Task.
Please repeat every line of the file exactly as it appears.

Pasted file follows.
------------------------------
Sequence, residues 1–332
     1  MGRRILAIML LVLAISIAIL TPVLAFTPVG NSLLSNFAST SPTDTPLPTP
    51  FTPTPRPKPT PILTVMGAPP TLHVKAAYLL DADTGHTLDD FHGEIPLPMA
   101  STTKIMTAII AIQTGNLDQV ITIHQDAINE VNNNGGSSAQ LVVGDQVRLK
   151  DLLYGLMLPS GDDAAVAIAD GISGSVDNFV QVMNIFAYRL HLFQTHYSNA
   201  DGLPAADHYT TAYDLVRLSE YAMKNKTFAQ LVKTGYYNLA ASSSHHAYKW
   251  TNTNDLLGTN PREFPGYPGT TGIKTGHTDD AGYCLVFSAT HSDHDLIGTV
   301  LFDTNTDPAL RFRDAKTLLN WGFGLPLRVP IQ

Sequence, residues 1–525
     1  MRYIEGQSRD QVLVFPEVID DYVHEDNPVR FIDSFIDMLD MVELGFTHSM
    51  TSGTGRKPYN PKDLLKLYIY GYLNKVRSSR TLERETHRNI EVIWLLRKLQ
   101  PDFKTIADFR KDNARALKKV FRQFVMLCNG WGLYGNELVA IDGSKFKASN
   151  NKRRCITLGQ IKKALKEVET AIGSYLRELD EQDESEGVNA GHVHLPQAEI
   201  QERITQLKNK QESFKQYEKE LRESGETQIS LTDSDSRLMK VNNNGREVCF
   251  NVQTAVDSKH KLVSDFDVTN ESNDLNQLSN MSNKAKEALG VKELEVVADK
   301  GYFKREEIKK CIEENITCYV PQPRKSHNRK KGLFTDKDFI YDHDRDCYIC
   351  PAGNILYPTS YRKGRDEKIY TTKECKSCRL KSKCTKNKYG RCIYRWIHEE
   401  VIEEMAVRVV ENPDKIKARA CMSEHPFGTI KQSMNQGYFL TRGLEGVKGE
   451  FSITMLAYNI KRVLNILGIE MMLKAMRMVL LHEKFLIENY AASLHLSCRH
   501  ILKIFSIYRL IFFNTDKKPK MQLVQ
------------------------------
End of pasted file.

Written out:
Sequence, residues 1–332
     1  MGRRILAIML LVLAISIAIL TPVLAFTPVG NSLLSNFAST SPTDTPLPTP
    51  FTPTPRPKPT PILTVMGAPP TLHVKAAYLL DADTGHTLDD FHGEIPLPMA
   101  STTKIMTAII AIQTGNLDQV ITIHQDAINE VNNNGGSSAQ LVVGDQVRLK
   151  DLLYGLMLPS GDDAAVAIAD GISGSVDNFV QVMNIFAYRL HLFQTHYSNA
   201  DGLPAADHYT TAYDLVRLSE YAMKNKTFAQ LVKTGYYNLA ASSSHHAYKW
   251  TNTNDLLGTN PREFPGYPGT TGIKTGHTDD AGYCLVFSAT HSDHDLIGTV
   301  LFDTNTDPAL RFRDAKTLLN WGFGLPLRVP IQ

Sequence, residues 1–525
     1  MRYIEGQSRD QVLVFPEVID DYVHEDNPVR FIDSFIDMLD MVELGFTHSM
    51  TSGTGRKPYN PKDLLKLYIY GYLNKVRSSR TLERETHRNI EVIWLLRKLQ
   101  PDFKTIADFR KDNARALKKV FRQFVMLCNG WGLYGNELVA IDGSKFKASN
   151  NKRRCITLGQ IKKALKEVET AIGSYLRELD EQDESEGVNA GHVHLPQAEI
   201  QERITQLKNK QESFKQYEKE LRESGETQIS LTDSDSRLMK VNNNGREVCF
   251  NVQTAVDSKH KLVSDFDVTN ESNDLNQLSN MSNKAKEALG VKELEVVADK
   301  GYFKREEIKK CIEENITCYV PQPRKSHNRK KGLFTDKDFI YDHDRDCYIC
   351  PAGNILYPTS YRKGRDEKIY TTKECKSCRL KSKCTKNKYG RCIYRWIHEE
   401  VIEEMAVRVV ENPDKIKARA CMSEHPFGTI KQSMNQGYFL TRGLEGVKGE
   451  FSITMLAYNI KRVLNILGIE MMLKAMRMVL LHEKFLIENY AASLHLSCRH
   501  ILKIFSIYRL IFFNTDKKPK MQLVQ